Last week, Queerty reported about a small-potatoes boycott against the giant UK retailer and grocery store chain, Tesco, because a senior exec criticized anti-gay Christians in his Flickr profile.
We didn’t think that the boycott, led by the UK-based Christian Institute, would go anywhere. And from the comments on the article, neither did our readers.
Randy said, “Unfocused boycotts supported by very few people equals failed boycott. This will probably be the last you hear of it, and it will die a quiet death.”
Mike UK said sarcastically, “I’m sure Tesco must be quaking in their boots!”
Well, perhaps they are: Tesco had Research and Development director Nick Lansley take down his comment, and, since then, has pulled its charitable support for the annual London Pride celebration, stating that they would rather “support projects with practical benefits rather than events.”
Developing community and battling homophobia apparently aren’t practical.
In an email to the Christian Institute, a Tesco rep explained that the company’s support of the LGBT community “implies no moral, philosophical or political stance.”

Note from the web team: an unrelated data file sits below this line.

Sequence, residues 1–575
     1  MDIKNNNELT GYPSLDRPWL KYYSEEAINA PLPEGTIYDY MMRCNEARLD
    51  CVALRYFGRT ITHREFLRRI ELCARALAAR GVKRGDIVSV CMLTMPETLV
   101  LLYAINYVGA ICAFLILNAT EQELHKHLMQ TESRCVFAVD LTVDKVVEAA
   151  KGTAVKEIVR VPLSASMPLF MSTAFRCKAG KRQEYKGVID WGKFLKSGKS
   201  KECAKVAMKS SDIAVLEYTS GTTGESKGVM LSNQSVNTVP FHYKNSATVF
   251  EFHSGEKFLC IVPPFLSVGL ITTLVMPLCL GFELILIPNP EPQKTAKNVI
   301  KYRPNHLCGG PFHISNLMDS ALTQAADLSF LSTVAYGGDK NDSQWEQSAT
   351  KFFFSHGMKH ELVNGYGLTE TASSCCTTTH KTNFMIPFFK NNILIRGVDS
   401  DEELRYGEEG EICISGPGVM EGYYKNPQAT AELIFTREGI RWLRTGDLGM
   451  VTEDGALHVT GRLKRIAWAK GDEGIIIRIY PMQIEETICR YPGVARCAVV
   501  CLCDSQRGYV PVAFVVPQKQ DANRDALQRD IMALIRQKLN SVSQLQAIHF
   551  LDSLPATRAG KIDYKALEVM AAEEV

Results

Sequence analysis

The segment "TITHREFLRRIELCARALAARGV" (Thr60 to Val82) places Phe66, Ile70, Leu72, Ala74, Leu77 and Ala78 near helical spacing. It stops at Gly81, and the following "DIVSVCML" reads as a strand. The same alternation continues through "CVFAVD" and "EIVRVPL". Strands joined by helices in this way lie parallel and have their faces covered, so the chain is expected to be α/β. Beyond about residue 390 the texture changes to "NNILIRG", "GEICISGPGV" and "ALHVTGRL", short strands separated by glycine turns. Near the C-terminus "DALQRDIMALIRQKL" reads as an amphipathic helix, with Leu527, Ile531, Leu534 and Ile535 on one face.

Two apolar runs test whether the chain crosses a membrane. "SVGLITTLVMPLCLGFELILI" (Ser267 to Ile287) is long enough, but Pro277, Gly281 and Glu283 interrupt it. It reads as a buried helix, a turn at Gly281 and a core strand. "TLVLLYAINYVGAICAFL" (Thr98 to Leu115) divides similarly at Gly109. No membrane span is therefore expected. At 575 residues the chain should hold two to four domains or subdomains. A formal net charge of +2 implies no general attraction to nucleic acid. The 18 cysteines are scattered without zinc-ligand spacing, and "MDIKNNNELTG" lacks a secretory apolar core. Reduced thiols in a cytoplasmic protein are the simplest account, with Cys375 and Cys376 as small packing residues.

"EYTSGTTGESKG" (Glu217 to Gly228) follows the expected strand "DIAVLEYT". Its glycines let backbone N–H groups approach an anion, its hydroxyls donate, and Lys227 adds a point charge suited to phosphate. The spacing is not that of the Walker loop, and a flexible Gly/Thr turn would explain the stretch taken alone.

Most of our charitable and community support is however focused on delivering practical benefits, rather than on funding awareness-raising events.
We will therefore discuss with Out at Tesco how we can support them in future years in ways that will not include sponsoring events.
We hope this will enable us to be true to our belief that everyone is welcome at Tesco without polarising opinion.
Out at Tesco is the store’s LGBT employee support network, with some 500 members nationwide.
Feeling the backlash from the backlash, Tesco told PinkNews it “would be dismayed if any readers felt we were anything other than fully committed to Out at Tesco and our LGBT staff… We are totally committed to tolerance and inclusion inside and outside our business. We will go on supporting Out at Tesco beyond Pride 2012.”
When the American LGBT community attempts boycotts of Target, Taco Bell, ExxonMobil, Chick-fil-A and dozens of other U.S. companies with anti-gay policies, we get little or no response. It’s rather curious to see a giant retailer running about trying to make everyone happy.
It must be said that the Brits have manners.
Images via Mark Hillary